Aimed at providing support to all parties involved in the supply chain, such as pharmaceutical excipient manufacturers, distributors (re-packers, bulk storage and packed storage warehouse providers), traders, brokers, carriers, and other service providers, the paper summarizes existing applicable regulations and various tools supporting good practices for supply chain security and ultimately drug safety. These include IPEC Federation’s Good Distribution Practices Guide for Pharmaceutical Excipients, IPEC-Americas Risk Assessment Guide, and the EXCiPACT and NSF/IPEC/ANSI 363 certifiable GMP and GDP standards for excipient suppliers.
The IPEC Federation specifically emphasizes that while overall responsibility remains with the finished dosage form manufacturer, each participant in the supply chain, both up and downstream, has responsibilities for its own specific area of activity. Establishing controls at each interface is imperative, where the level of control required can be determined using IPEC’s Risk Assessment Guides. These principles should establish and ensure supply chain security of excipients, thereby minimizing risk to patients.

International Organization for Standardization (ISO)

ISO 22000:2018, Food Safety Management Systems – Requirements for Any Organization in the Food Chain, 2nd Edition, June 2018

This document specifies requirements for a food safety management system (FSMS) to enable an organization that is directly or indirectly involved in the food chain to:

  • Plan, implement, operate, maintain, and update a FSMS providing products and services that are safe, in accordance with their intended use;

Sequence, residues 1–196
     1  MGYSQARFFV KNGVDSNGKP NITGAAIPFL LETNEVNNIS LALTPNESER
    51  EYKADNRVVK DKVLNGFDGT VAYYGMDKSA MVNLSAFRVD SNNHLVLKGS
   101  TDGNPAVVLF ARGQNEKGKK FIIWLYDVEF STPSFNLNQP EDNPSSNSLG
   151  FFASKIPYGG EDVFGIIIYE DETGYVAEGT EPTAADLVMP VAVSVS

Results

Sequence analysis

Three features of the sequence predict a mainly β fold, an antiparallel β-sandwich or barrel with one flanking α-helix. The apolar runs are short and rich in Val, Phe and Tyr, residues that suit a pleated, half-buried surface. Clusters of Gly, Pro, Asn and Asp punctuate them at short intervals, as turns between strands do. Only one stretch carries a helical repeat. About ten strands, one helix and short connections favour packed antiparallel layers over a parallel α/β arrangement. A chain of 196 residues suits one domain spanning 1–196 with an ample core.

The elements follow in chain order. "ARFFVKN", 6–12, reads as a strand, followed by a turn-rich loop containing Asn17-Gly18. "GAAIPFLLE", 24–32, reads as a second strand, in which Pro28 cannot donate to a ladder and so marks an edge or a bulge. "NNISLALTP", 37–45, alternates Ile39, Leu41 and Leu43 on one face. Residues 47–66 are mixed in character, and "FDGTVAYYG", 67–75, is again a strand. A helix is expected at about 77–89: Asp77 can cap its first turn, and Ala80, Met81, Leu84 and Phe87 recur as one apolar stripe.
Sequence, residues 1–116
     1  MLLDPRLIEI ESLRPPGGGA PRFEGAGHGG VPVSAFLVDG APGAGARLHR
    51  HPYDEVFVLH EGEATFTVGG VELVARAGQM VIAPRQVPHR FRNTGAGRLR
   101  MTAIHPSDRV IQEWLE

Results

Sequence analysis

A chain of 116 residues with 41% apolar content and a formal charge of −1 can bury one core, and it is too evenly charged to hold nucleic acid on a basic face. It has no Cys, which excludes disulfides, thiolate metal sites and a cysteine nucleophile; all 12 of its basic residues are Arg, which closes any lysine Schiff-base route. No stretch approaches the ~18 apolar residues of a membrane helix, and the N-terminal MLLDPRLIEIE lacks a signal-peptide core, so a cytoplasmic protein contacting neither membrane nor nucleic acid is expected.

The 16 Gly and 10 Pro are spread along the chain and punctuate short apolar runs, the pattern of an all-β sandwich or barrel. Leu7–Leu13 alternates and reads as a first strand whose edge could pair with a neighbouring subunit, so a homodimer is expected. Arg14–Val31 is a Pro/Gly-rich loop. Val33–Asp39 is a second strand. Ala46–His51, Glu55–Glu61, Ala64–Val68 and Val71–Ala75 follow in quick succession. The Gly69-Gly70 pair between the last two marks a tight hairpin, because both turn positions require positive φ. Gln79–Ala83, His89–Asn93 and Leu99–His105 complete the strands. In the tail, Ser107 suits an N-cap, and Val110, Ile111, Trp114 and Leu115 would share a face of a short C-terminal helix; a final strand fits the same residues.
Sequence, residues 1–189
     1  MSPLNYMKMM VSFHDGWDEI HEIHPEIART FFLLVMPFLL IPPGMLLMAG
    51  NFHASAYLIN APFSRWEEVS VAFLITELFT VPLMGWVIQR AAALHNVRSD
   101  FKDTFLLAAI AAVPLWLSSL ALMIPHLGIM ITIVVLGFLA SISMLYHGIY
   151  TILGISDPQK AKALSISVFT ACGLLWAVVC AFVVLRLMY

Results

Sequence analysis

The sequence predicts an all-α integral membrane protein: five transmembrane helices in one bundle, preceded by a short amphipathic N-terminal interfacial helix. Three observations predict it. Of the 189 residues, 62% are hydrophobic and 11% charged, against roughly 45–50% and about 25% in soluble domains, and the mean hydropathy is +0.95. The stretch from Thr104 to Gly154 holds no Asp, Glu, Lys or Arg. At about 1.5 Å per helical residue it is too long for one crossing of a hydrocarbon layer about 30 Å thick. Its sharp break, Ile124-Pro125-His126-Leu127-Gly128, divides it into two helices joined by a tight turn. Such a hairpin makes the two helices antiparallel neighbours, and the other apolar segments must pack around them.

• Demonstrate compliance with applicable statutory and regulatory food safety requirements;
  • Evaluate and assess mutually agreed upon customer food safety requirements and to demonstrate conformity to them;
  • Effectively communicate food safety issues to interested parties within the food chain;
  • Ensure that the organization conforms to its stated food safety policy;
  • Demonstrate conformity to relevant interested parties;
  • Seek certification or registration of its FSMS by an external organization or make a self-assessment or self-declaration of conformity to this document.

All requirements of this document are generic and are intended to be applicable to all organizations in the food chain, regardless of size and complexity.

This second edition cancels and replaces the first edition (ISO 22000:2015), which has been technically revised through the adoption of a revised clause sequence. It also incorporates the Technical Corrigendum ISO 22000:2005/Cor.1:2006. Companies certified to the ISO 22000:2005 standard have to transition their certificate to ISO 22000:2018, and there is a three-year transition period until 29 June 2021 according to International Accreditation Forum (IAF) Resolution 2018-15.

Parenteral Drug Association

PDA Technical Report No. 82 (TR 82) Low Endotoxin Recovery, March 2019

This Technical Report aims to describe the underlying mechanisms and contributing factors of Low Endotoxin Recovery (LER), summarize the potential clinical impact of the LER phenomenon, present guidelines for developing LER hold-time study design, and provide strategies for the mitigation of LER. This Technical Report can be purchased through the PDA Store ( or is available to members via the Technical Report portal (cut and paste the link below into your browser):{“issue_id”:572956,”view”:”issuelistBrowser”}